Wednesday, October 31, 2012

Voting: Ritual or Responsibility? - A response

[Note: The following text was presented at an on-campus event at EMU today, "Voting: Ritual or Responsibility?" I was one of three main presenters, along with EMU professors, Ted Grimsrud and Jayne Seminare Docherty. Ted and I have had significant conversations over the past weeks, online and at the pub, and Jayne is one of my former professors at the Center for Justice & Peacebuilding/CJP. The discussion was facilitated by Jonathan Swartz and Matthew Bucher, both dual-degree students like I was, in the Seminary and CJP. Thanks to everyone involved at the event, and I welcome more conversation below in the comments! - Also, check out Ted's three posts on this topic, where I also have some comments posted.]

In a 1977 article in Sojourner’s, John Howard Yoder had this to say about the then-current context: “American political culture, a comparatively solid crust of common language and rules of thumb, floats on a moving magma of unresolved debate between two contradictory views of what the state is about.” In this article, entitled “The National Ritual: Biblical realism and the elections,” Yoder goes on to argue that we shouldn’t get ourselves too worked up about this system, or take it too seriously. But nonetheless this weak system is one that we can and perhaps should participate in.  I quote:
[Voting] is one way, one of the weaker and vaguer ways, to speak truth to power. We may do well to support this channel with our low-key participation, since a regime where it functions is a lesser evil…than one where it does not, but our discharge of this civil duty will be more morally serious if we take it less seriously.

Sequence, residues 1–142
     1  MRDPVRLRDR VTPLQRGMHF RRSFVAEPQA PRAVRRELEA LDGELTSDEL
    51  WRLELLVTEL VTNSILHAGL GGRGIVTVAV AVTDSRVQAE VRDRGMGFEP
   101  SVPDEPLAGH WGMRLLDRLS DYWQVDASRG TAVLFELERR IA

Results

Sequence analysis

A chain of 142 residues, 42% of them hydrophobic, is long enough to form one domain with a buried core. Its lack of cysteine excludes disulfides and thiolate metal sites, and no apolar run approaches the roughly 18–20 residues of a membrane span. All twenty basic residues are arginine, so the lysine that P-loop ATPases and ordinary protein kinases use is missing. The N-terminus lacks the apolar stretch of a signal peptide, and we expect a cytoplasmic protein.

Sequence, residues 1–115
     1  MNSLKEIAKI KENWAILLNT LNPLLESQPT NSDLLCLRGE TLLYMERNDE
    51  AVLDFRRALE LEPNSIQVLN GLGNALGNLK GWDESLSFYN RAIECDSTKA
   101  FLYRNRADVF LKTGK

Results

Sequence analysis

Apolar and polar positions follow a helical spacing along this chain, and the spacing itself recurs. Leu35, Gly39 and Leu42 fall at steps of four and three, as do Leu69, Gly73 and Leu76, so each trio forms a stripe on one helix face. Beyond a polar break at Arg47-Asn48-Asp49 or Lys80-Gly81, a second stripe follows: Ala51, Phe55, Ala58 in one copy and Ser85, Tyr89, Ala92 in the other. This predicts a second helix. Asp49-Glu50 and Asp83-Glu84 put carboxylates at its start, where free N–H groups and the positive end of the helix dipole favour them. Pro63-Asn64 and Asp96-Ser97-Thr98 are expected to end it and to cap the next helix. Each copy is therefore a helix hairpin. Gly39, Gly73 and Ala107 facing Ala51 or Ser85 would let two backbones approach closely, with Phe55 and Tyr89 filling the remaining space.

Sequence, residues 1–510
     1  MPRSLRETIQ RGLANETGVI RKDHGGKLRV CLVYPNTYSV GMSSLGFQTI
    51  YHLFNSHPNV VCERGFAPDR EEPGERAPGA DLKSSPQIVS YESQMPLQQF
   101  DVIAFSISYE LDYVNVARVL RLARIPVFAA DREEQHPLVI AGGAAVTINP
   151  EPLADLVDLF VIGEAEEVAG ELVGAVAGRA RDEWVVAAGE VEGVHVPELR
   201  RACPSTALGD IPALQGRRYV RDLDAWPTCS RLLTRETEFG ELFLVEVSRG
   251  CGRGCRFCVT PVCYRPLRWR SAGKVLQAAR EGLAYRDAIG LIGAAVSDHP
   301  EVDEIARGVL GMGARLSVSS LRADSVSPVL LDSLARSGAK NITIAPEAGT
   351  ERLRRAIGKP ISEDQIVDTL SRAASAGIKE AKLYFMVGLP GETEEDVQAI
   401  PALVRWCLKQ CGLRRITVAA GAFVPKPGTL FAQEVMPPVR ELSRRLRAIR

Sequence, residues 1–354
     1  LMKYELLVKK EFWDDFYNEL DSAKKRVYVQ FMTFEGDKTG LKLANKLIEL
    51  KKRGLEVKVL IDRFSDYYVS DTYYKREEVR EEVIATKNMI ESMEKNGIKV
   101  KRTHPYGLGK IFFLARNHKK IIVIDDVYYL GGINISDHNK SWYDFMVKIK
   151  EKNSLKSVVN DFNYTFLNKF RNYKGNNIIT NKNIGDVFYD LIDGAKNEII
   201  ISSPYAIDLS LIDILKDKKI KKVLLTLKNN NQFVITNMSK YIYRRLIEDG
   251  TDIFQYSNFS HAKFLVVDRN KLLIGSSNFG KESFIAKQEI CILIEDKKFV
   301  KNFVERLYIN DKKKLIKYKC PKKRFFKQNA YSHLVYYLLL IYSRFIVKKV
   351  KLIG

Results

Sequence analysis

This position of Yoder’s I take to be the basic position taken by Ted in his arguments, both here and on his blog. And I’m sympathetic to both, and don’t necessarily disagree. But I want to sound a few cautions.

I’ll start with a quote by Yoder’s one-time colleague at Notre Dame, Alasdair MacIntyre, who made these comments in the run-up to the 2004 presidential election. I quote:
When offered a choice between two politically intolerable alternatives, it is important to choose neither. And when that choice is presented in rival arguments and debates that exclude from public consideration any other set of possibilities, it becomes a duty to withdraw from those arguments and debates, so as to resist the imposition of this false choice by those who have arrogated to themselves the power of framing the alternatives.

Sunday, October 28, 2012

Theological sketchings for NuDunkers

From Harrisonburg, VA 22802, USA
The joys of the arbitrary Google Image search...
The first order of business in this post is to answer the question...

What the heck is "NuDunkers?" - We don't know yet, but the more appropriate question is who are NuDunkers...

Okay, wise guy, who are NuDunkers? And who's this "we?" - "Dunker," for the uninitiated, is a throwback term to the Schwarzenaru Brethren practice of full-immersion baptism, and the word used to be somewhat of a group epithet used by outsiders looking in (like the word "Anabaptist" and even "Christian" in their original contexts).